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Djokovic begins 311th career week at No. 1, breaking Federer’s record
Since first rising to No. 1 on the ATP rankings after winning Wimbledon on July 4, 2011, the Serb has spent 64.26 percent of the time at the top spot—and 85.54 percent of the time in the Top 2.
Published Mar 08, 2021
He secured it at the Australian Open a few weeks ago, and now it’s finally here: Novak Djokovic has broken Roger Federer’s record for most career weeks at No. 1 in ATP rankings history.
Today—March 8, 2021—Djokovic kicks off his 311th week at the top spot to pass Federer's mark of 310.
Djokovic has often pointed to Grand Slams and weeks at No. 1 as his two biggest professional goals. With 18, he’s just two behind Federer and Rafael Nadal’s shared record of 20 career Grand Slam titles.
“Now, after achieving the historic No. 1 for the longest weeks at No. 1, it’s going to be a relief for me, because I’m going to focus all my attention on Slams, mostly,” the Serb said after winning his ninth Australian Open title two weeks ago. “When you are going for No. 1 rankings, you kind of have to be playing the entire season, and you have to be playing well, you have to play all the tournaments.
“My goals will adapt and will shift a little bit, which means that I will have an opportunity to adjust also my calendar, which, as a father and a husband, I’m really looking forward to that. Judging by what we’re seeing around the world, having family on the road with me will be a very difficult task, because if I’m going to travel around, I have to take my coaches and everything, and we have rules in place that don’t allow more than I think two people at tournaments to travel with you, other than Slams.”
Djokovic first rose to No. 1 on July 4, 2011, after winning the first of now five Wimbledon titles. But he had been within reach of the top spot for a while—the Belgrade native could have clinched it a month earlier by reaching the French Open final, but fell to Federer in the semis to end his 41-0 start to 2011.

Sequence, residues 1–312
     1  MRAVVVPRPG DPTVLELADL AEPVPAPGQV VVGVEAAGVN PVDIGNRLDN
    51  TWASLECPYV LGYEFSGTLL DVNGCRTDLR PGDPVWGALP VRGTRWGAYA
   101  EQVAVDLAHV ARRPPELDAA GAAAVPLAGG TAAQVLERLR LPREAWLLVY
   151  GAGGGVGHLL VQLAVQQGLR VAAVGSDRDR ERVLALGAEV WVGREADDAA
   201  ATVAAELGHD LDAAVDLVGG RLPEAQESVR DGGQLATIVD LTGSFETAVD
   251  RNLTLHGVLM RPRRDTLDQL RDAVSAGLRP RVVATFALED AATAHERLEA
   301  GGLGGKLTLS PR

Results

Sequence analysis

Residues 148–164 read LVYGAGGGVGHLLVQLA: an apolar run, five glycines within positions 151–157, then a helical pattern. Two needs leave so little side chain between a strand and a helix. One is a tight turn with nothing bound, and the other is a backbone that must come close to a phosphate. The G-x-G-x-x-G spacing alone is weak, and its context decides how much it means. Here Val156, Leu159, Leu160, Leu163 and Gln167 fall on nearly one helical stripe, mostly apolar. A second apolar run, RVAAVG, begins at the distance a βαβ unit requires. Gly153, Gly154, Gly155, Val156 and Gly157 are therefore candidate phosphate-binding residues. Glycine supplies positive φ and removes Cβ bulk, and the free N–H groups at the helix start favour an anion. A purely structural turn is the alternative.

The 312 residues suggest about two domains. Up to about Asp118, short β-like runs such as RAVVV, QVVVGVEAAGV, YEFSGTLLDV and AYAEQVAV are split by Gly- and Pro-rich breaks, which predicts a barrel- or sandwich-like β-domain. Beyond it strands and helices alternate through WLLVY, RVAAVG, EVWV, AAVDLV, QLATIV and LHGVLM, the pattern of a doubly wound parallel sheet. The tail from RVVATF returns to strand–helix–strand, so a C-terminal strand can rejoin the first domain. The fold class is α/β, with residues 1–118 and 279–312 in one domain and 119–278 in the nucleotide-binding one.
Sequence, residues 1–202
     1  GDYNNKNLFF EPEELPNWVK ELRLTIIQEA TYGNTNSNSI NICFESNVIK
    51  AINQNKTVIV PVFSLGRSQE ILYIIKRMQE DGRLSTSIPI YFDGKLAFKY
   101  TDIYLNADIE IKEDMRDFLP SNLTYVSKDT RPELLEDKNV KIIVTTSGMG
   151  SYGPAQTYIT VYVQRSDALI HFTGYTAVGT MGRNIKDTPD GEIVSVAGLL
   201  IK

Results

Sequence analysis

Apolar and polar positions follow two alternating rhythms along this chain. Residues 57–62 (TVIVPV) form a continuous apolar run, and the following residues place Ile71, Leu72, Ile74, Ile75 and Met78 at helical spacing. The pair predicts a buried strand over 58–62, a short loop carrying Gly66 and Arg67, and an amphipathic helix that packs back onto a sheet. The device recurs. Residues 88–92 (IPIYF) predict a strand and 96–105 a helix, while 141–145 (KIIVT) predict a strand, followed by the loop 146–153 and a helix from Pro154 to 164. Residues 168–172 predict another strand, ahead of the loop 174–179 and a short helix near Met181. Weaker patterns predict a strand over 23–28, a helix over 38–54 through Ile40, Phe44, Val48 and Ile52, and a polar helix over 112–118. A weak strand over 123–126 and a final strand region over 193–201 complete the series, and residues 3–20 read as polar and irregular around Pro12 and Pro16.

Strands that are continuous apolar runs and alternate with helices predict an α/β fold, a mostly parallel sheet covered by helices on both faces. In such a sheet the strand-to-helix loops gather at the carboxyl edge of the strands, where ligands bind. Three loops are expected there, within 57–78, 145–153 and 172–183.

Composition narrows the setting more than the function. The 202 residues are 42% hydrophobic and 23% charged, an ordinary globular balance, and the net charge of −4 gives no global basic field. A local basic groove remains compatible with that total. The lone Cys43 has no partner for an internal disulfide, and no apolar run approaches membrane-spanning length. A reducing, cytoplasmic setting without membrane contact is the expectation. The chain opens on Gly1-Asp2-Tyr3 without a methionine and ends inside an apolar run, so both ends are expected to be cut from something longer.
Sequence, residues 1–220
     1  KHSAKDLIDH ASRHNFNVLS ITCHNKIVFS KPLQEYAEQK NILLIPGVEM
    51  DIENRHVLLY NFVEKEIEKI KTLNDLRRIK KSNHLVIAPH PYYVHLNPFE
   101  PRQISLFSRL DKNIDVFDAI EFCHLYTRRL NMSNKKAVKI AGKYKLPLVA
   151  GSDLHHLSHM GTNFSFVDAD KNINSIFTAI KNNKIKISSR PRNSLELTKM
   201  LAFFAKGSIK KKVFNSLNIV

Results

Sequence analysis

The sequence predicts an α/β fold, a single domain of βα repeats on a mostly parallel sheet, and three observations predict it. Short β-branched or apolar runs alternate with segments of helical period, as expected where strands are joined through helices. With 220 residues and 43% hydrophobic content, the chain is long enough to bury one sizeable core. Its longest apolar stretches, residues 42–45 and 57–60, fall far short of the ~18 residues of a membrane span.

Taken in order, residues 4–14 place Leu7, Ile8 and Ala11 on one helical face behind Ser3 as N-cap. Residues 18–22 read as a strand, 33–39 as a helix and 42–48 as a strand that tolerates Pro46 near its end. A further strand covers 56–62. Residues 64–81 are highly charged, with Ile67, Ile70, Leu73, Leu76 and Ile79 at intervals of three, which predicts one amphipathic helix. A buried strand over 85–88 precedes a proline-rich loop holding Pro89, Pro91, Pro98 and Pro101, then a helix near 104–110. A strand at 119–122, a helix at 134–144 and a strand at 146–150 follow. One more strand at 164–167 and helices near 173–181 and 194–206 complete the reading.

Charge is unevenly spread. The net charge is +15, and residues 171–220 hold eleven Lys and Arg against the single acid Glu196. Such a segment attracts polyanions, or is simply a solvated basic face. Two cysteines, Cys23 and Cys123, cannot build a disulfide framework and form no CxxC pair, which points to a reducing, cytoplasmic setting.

“Obviously the No. 1 ranking is still far away, even though I’ve been winning every match I play this year,” said Djokovic, who had been 41-0 on the year going into that semifinal match in Paris. “I still need to do more. If I ever get that No. 1 in the world, that would be a dream come true for me.
“That’s always been my life dream.”
Djokovic would clinch it four weeks later after his triumph at the All England Club, and since then, has enjoyed five separate stints at No. 1: July 4, 2011 to July 8, 2012 (53 weeks); November 5, 2012 to October 6, 2013 (48 weeks); July 7, 2014 to November 6, 2016 (122 weeks); November 5, 2018 to November 3, 2019 (52 weeks); and February 3, 2020 to the current week of March 8, 2021 (36 weeks).
And in almost a decade since first rising to No. 1, he’s been a fixture at the top.
In the 484 weeks of ATP rankings since July 4, 2011, not including the 22 weeks the rankings were frozen in 2020 due to the COVID-19 pandemic, Djokovic has spent…
~ 311 of 484 weeks at No. 1 (64.26%)
~ 103 of 484 weeks at No. 2 (21.28%)
~ 70 of 484 weeks outside the Top 2 (14.46%)
His only stint outside the Top 2 since March 21, 2011 was a 70-week period between June 12, 2017 and October 14, 2018, at one point dipping out of the Top 20 as he struggled with a right elbow injury.
Djokovic won his first Wimbledon title on Sunday, July 3, 2011, then rose to No. 1 the next day (Getty Images)
Half of the players in the Top 10 when Djokovic first rose to No. 1 have since retired: Robin Soderling, David Ferrer, Mardy Fish, Tomas Berdych and Andy Roddick, who were No. 5, No. 6, No. 8, No. 9 and No. 10 that week, have all hung up their racquets in the years since. Djokovic, Nadal, Federer, Andy Murray and Gael Monfils, who were No. 1, No. 2, No. 3, No. 4 and No. 7 that week, are still going.
In addition to weeks at No. 1, the 33-year-old has the record for most ATP Masters 1000 titles with 36 (Nadal's next with 35) and career prize money with $147,744,252 (Federer's next with $129,946,683).
More groundbreaking records are within Djokovic's reach in 2021, including the aforementioned Grand Slam race, where he sits two behind Federer and Nadal, 20-20-18. He's also aiming to finish this season as year-end No. 1 for a record seventh time on the men's tour, having equaled Sampras last November.